Legislative committees had a full week of bill hearing. This session, the House of Representatives has about 100 bills less than last session, and the senate has 70 less bills.
This hopefully will result in the legislature using less than the 80 days allowed.
The House Finance and Tax Committee, which I chair has 67 bills; the largest number of bills I have ever seen before the committee. There are numerous income tax reductions for various groups, from retired military and social security recipients, to college student with loans. From my perspective, I oppose these special group tax breaks, and believe a reduction in general taxes is more equitable.
Two weeks ago, I had the opportunity to attend the weekend conference of the State Rural Agricultural Leaders, a national organization of which I serve as treasurer. The overall theme of the conference was how American agriculture and, particularly, animal agriculture is under attack from the Environmental Protection Agency, Humane Society, and Earth First, to name a few.
North Dakota is feeling these attacks firsthand with court decisions that stopped the use of Roundup-Ready alfalfa and sugar beets. The good news is the alfalfa restraint has been lifted and, hopefully, the sugar beet restrain will get lifted before spring. But that may be difficult to get done.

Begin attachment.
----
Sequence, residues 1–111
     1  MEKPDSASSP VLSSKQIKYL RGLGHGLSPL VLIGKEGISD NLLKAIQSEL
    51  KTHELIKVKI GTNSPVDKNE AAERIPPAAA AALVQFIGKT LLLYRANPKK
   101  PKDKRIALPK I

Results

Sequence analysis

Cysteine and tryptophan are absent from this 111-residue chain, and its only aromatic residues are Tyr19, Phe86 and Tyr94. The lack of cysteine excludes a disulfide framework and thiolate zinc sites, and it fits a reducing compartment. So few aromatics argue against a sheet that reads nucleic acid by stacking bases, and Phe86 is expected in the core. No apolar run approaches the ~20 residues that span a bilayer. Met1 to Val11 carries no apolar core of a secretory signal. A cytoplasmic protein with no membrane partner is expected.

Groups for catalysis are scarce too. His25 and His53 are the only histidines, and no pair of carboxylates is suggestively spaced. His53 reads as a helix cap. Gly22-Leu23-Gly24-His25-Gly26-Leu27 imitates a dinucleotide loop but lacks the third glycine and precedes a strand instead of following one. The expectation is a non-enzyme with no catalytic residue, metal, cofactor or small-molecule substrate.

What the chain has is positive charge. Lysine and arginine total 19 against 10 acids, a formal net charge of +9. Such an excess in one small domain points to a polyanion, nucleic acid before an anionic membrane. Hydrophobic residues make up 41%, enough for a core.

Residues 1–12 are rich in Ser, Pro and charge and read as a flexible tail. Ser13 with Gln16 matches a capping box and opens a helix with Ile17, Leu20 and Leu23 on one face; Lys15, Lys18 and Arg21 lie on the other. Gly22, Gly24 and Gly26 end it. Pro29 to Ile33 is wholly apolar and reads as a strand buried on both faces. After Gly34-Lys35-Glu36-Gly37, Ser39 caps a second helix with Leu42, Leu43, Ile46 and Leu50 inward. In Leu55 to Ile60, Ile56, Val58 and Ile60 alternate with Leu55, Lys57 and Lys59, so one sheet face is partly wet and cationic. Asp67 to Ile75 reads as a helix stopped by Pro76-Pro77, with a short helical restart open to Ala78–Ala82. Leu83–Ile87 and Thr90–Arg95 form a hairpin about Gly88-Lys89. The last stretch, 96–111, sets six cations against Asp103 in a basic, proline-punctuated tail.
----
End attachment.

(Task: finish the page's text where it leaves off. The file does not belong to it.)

Several bills and resolutions have been introduced this session to attempt to give the state legal status against action taken by the EPA. Such legislation has been introduced by many states during the past several years because of the growing federal regulations that have infringed on state rights. We also are concerned about regulations the EPA may impose on our oil and coal industry.
The status of the state retirement system for public employees and teachers is an important issue before the legislature. The proposals to change from a defined benefit program to a defined contribution program are being considered.
The defined benefit program guarantees the amount of retirement benefits. The current proposals would not affect current employees, but would only apply to new employees. Many companies, as well as city- and state-defined benefit programs, have become insolvent and, consequently, decisions are going to have to be made to resolve the financial problems that have been encountered.
North Dakota retirement programs are not in a crises situation, but they are at a point where adjustments should be made to keep them financially sound. Just putting more taxpayer dollars into the system does not seem like a prudent decision.
Changes to retirement programs are very controversial, just as the social security issue is at the federal level. Everyone knows there is a problem, but it is difficult to find a political solution.
We will be holding a legislative reporting session from 10 a.m. to 11 a.m. on Feb. 19, at the library of the Casselton Elementary School. There was a good turnout at the West Fargo legislative forum Jan. 29, and we appreciated hearing the concerns from citizens who attended.